As a tamaiti (boy), driving from Whanganui to Pīpīriki seemed to take forever.
As he drove my cousins and me up the awa (river), my dad would start telling us the story of a giant mako (shark) and a giant tuatara (reptile) that lived in the sea, in great harmony with each other.
They were the best of friends.
One day the other sea-dwelling creatures, roaring with anger, complained to Tangaroa, god of the sea, "Both Mako and Tuatara have eaten all the kai!" They demanded that Tangaroa sort this out, now.
Tangaroa called a hui and said to Mako and Tuatara, "One of you has to go live on the land."
Without hesitation, Tuatara replied, "I will live on the land because I have legs."
Tuatara and Mako said a sad farewell, knowing this would be the last time they would be together in the sea.
With a flick of his tail, Mako swam out into deep water. Tuatara swam towards the beach, and as he crawled out of the water, something magical happened. He began to shrink, to the size that he is now.
It is said that when the pūtātara (conch shell musical instrument) is played,
Mako and Tuatara are talking to each another, reminiscing about their old lives together.
The carved wooden mouthpiece represents the forest in which Tuatara now lives, while the shell signifies the infinity of the ocean where Mako swims.
This instrument is the connection between Tāne Mahuta (land) and Tangaroa (sea).
With these old stories, my dad, Wayne Hemahema Tamati, would remind us kids of our deep spiritual, physical and cultural ties with both land and sea.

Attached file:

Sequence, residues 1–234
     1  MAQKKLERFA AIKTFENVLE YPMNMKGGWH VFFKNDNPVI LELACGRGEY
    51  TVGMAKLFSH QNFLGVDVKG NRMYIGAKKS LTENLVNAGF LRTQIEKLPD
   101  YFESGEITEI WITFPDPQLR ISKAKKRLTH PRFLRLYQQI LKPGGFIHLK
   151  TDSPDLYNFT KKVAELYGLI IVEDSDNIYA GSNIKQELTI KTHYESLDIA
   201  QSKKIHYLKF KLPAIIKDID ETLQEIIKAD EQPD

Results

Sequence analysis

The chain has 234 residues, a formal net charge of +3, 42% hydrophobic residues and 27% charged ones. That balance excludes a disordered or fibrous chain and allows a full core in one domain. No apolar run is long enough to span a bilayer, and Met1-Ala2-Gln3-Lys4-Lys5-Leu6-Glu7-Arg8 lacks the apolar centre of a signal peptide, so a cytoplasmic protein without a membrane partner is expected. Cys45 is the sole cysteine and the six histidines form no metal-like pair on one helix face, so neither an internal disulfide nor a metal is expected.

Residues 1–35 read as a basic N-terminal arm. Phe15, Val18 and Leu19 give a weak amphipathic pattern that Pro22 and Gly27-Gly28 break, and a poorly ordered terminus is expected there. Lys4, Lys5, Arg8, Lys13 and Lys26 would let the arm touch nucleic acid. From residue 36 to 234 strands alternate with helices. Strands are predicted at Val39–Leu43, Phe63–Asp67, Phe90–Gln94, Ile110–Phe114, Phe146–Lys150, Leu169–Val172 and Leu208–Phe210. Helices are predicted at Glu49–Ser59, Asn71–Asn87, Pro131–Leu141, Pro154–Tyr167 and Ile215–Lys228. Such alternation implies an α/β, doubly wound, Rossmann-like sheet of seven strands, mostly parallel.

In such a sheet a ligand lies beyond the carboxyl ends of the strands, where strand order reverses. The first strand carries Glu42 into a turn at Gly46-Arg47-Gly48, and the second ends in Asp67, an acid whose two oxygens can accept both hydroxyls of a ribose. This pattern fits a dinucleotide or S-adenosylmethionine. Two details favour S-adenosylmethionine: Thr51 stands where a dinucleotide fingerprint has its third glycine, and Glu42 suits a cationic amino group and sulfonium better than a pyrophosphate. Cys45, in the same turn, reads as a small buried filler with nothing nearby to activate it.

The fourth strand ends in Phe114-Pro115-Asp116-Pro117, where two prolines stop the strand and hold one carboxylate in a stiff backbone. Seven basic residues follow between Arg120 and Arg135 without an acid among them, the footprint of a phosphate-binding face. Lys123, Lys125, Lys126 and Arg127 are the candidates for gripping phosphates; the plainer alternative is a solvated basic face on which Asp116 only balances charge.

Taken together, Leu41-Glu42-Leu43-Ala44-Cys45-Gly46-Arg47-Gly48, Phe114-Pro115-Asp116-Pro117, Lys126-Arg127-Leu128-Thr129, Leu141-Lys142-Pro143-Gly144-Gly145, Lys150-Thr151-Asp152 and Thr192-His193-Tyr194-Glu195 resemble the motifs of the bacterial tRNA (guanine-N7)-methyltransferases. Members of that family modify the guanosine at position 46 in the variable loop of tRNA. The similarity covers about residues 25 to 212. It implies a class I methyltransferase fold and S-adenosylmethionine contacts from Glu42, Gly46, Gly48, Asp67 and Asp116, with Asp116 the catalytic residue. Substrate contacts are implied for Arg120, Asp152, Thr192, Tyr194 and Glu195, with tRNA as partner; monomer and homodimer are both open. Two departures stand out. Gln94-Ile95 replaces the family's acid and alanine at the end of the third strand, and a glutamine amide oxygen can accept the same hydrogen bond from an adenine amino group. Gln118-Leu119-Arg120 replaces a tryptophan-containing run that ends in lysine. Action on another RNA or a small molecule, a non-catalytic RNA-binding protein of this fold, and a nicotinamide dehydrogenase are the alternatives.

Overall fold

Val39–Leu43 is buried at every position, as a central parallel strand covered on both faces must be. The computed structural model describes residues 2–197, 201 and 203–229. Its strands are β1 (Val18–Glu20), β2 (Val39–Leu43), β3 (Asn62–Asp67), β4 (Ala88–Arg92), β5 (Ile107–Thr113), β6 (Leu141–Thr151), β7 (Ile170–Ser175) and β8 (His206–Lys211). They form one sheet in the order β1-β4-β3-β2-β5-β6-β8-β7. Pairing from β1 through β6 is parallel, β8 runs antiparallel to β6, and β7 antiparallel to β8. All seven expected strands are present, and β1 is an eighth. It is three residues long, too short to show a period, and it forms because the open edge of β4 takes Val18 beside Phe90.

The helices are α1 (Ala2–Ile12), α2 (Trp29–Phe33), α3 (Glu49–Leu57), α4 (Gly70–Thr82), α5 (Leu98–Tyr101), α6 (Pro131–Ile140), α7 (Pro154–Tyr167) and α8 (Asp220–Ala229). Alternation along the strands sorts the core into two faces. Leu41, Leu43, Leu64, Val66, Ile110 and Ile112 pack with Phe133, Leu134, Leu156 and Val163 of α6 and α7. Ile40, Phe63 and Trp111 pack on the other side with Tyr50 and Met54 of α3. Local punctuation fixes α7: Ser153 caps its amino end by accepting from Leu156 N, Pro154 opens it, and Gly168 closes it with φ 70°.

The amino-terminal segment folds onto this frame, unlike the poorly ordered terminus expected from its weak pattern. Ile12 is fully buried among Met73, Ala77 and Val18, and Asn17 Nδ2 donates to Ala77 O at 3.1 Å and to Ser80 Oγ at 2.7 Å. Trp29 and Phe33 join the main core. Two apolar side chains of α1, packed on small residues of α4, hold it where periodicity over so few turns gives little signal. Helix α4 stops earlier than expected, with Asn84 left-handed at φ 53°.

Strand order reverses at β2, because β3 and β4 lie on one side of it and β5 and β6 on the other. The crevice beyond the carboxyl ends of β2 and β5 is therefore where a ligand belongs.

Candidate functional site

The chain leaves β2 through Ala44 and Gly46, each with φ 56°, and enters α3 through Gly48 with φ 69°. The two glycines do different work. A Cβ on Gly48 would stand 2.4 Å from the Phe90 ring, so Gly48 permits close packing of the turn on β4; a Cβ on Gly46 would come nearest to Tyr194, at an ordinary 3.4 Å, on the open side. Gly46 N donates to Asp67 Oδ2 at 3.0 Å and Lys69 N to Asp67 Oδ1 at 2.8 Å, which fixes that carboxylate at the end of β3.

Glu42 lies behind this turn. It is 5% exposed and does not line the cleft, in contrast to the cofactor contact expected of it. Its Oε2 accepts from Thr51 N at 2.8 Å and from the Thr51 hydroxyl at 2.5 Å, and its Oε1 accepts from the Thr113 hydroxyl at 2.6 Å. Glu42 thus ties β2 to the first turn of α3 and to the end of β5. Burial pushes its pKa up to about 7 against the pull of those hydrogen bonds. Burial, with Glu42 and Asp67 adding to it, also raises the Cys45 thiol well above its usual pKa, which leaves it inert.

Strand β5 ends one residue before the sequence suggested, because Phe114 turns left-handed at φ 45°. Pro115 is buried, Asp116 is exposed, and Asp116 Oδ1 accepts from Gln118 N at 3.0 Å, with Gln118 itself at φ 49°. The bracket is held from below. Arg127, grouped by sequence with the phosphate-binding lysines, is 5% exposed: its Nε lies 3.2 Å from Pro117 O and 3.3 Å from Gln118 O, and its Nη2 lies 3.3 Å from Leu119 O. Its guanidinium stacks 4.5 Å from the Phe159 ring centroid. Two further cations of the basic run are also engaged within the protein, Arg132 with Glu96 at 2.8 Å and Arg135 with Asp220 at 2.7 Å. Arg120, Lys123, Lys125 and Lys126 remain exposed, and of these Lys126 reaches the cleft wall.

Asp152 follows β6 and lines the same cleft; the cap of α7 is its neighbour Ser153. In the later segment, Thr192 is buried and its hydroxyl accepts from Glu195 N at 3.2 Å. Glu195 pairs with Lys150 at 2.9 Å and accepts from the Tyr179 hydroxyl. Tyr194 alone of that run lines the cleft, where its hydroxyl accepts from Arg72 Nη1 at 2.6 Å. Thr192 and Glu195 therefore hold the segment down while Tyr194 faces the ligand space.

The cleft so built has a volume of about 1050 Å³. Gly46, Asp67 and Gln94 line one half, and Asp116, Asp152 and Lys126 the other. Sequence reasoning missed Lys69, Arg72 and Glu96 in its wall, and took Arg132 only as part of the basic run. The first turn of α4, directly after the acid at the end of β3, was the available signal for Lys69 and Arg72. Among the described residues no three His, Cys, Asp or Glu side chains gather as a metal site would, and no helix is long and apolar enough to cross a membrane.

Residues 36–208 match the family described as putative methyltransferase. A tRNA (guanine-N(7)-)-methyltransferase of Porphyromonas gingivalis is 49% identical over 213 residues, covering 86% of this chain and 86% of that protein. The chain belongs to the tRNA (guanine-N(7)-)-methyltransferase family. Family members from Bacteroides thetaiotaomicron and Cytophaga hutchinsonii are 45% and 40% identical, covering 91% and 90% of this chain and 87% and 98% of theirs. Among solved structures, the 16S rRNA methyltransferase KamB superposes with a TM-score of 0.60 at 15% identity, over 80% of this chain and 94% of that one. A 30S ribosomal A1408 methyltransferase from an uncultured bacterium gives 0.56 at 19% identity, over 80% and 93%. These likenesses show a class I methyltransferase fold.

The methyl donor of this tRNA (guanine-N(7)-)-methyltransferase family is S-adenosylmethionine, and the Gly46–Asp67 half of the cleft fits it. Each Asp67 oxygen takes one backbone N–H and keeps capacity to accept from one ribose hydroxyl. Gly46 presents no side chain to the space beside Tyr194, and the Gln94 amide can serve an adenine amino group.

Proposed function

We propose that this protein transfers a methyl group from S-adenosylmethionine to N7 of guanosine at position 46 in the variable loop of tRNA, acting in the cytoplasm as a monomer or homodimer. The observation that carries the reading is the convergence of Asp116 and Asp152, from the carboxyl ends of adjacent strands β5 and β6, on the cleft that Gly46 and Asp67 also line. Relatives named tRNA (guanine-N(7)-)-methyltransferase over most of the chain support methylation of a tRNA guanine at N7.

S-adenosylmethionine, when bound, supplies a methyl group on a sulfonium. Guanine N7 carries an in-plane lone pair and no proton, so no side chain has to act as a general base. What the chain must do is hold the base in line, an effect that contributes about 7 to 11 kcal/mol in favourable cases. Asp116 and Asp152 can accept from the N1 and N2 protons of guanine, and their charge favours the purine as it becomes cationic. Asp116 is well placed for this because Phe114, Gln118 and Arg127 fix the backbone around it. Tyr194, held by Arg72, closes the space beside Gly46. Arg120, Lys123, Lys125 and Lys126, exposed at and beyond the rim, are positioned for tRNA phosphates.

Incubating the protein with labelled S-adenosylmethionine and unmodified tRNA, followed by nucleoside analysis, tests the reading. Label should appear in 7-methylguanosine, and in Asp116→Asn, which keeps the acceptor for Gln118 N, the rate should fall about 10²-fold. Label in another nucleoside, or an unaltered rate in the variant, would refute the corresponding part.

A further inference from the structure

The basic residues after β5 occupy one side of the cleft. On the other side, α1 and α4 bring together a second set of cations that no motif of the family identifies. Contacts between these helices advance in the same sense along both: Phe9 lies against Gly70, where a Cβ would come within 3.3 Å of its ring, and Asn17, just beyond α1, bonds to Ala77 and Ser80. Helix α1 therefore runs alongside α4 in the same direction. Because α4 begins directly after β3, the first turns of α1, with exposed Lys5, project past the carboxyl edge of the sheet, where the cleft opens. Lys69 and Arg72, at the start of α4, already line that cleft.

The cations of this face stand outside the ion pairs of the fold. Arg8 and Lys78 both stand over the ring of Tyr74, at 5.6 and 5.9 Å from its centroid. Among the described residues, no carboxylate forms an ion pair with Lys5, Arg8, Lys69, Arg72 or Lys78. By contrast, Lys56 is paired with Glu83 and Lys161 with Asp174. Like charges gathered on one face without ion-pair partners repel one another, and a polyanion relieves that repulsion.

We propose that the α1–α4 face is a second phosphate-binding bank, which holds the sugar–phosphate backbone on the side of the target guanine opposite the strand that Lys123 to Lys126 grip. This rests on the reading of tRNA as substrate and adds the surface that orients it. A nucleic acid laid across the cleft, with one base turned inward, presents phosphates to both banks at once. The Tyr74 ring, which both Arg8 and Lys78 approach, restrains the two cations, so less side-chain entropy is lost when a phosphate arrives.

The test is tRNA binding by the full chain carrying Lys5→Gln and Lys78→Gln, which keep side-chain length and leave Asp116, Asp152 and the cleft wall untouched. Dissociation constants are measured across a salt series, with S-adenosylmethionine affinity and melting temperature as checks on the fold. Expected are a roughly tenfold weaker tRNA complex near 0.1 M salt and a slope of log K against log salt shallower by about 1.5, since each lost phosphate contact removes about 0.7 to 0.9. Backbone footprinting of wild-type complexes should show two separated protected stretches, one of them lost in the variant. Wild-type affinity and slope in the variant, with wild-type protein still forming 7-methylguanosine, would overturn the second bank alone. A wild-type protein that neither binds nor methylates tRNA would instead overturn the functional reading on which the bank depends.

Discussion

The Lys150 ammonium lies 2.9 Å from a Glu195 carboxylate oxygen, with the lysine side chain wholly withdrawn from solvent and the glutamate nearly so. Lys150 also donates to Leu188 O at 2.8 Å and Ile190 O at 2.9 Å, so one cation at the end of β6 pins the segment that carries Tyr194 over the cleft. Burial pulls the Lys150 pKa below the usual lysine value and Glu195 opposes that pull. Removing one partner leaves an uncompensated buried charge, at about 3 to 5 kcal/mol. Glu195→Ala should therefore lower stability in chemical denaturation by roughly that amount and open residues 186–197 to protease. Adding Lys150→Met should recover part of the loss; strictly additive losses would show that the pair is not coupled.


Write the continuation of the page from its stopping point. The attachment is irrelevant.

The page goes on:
Raised in Pīpīriki and educated in Hiruhārama (Jerusalem), Dad was of Te Ātihaunui-a-Pāpārangi, and knew his awa well, seeing first-hand the physical evidence that the meeting of sea and land had left millions of years before.
In the Whanganui Regional Museum collection is the huge tooth of the largest shark ever known.
Megalodon outranked the modern great white sharks in size, reaching up to 20 metres in length.
This huge tooth was discovered near Pīpīriki in the late 19th century and is estimated to be four to five million years old.
The old Māori stories, born by close observation of the natural world and the evidence of what was left behind, support modern geological science.
During a period of warmer climate 5.3 to 25 million years ago, the Whanganui Basin was completely submerged.
While megalodon pursued smaller whales and seals, beds of giant oysters built up their own massive reefs, and giant crabs scuttled about the ocean floor. Moreover, there's that huge tooth.
Tuatara are endemic to Aotearoa and are considered to be living fossils. The name means "peaks on the back" and refers to the erect crest of the males, running down their spines.
They are the largest reptile found here, feeding on invertebrates such as beetles, wētā, worms, millipedes and spiders, plus lizards, birds' eggs and chicks.
Tuatara are the only surviving members of the order Sphenodontia, which were plentiful during dinosaur days, about 200 million years ago.
From this order, only the tuatara survived, the rest becoming extinct about 60 million years ago.
Tuatara once lived all over Aotearoa but survive in the wild today only on offshore, predator-free islands. They are living evidence of life turning over and over for countless years.
*Taane Tamati is a member of the Visitor Services Team.